The newly-launched inquiry into diversity in the capital's public realm will be guided by Black cultural groups and Arts Council England.
A new commission will consider whether statues, street names and public artworks in London should be removed or given historical context.
The Commission for Diversity in the Public Realm will help "tell the full story of our history," Mayor Sadiq Khan says.
While the representation of women, disabled people and the LGBT community are up for discussion, the commission is clearly influenced by the Black Lives Matter movement and recent debates over public monuments.
Launched on Tuesday, it aims to provide an overview of the city's existing largely Victorian public memorials and make recommendations on new statues, murals and street art, among other public works.
"For too long our public spaces have neglected the achievements of many in our city," Khan said.
"The range of people immortalised in our statues, memorials and buildings have left a restricted view of the past that fails to show our capital’s great diversity. It’s time for this to change."
The commission will also develop guidelines for future commissions and advice on "how to assess, evaluate and approach contested heritage, including making recommendations for the addition of context to exisiting works, or their removal".
Up to 15 independent members will be sought to join a board of partners that already features Arts Council England, Historic England, Black Cultural Archives, and Black-led visual arts organisation Iniva.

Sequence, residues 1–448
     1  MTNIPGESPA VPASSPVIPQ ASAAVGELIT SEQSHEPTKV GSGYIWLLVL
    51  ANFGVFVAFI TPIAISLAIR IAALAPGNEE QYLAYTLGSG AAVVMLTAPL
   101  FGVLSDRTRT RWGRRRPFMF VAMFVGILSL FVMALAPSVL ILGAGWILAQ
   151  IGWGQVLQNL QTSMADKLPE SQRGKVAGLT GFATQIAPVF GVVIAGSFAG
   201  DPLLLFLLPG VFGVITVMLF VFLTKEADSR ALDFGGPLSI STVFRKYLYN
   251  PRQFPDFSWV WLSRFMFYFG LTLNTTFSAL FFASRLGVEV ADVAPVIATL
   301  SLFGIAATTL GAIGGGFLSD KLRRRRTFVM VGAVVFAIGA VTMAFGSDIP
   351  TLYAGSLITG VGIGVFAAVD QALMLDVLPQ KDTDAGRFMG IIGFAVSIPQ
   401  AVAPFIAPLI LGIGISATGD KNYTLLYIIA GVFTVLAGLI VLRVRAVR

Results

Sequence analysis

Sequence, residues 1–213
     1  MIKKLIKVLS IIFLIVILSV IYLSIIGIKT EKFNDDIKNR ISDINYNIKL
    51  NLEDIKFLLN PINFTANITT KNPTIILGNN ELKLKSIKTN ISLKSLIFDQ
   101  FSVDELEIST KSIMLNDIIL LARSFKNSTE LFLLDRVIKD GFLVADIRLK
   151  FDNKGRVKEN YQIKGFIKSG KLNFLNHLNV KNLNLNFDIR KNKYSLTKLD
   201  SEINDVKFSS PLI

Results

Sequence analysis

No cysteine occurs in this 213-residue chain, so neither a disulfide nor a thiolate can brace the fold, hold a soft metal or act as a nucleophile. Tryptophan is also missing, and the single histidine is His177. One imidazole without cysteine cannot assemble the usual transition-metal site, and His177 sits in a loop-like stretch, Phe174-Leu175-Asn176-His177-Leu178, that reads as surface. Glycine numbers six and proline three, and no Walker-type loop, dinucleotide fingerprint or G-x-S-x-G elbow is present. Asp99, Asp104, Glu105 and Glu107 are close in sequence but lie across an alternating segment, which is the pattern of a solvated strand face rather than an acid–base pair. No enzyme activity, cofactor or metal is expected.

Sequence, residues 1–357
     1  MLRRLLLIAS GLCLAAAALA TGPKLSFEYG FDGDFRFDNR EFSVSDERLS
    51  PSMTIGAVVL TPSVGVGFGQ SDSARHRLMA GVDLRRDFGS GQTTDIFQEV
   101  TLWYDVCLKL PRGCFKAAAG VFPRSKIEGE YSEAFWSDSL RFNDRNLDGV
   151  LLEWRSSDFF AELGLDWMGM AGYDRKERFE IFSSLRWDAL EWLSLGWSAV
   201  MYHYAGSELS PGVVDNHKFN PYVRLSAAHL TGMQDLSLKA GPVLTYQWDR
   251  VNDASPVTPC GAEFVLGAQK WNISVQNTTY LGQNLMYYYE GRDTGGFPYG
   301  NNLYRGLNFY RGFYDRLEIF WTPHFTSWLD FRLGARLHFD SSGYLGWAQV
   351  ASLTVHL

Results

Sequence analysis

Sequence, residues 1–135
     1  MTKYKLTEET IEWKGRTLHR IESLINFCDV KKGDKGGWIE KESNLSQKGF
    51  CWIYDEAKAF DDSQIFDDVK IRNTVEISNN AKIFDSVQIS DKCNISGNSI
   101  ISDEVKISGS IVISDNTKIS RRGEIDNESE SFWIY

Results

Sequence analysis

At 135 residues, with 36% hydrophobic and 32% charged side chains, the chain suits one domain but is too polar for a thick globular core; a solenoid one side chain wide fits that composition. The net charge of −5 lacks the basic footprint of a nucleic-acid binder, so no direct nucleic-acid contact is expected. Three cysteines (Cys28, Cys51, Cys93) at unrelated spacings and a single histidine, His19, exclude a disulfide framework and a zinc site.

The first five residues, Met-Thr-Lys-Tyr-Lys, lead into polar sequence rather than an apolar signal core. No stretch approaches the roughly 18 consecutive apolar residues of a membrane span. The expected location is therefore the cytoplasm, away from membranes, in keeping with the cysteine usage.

It will be co-chaired by Deputy Mayor for Culture and Creative Industries Justine Simons and Deputy Mayor for Social Integration Dr Debbie Weekes-Bernard.
Black Cultural Archives Managing Director Arike Oke said London has influenced, and been influenced by, its globalisation.
"We hope to see London's contemporary environment finally reflect its rich layers of African and Asian heritage."
Iniva Artistic Director Sepake Angiama said the organisation will share its expertise on making public spaces "better reflect the rich and diverse culture in an open dialogue with artists and the wider public".
This is not the first investigation into improving the diversity of London's heritage: a 2005 Mayor's Commission on African and Asian Heritage found the city's heritage organisations and collections needed to be more "relevant, vibrant and accessible" to Black, Asian and minority ethnic communities.
There was also a need to develop strategies for preserving these communities' heritage, the 2005 commission said.
The Mayor of London's Office said that Khan and his senior team "have held discussions with council, community and arts leaders ... to assess the best way to improve diversity in the public realm" since 2018, when Khan voiced his support for a statue of suffragist Millicent Fawcett outside parliament.
ArtsProfessional has asked the Mayor's office to explain what these discussions have achieved in the last three years.
An explanation had not yet been given by the time this article was published.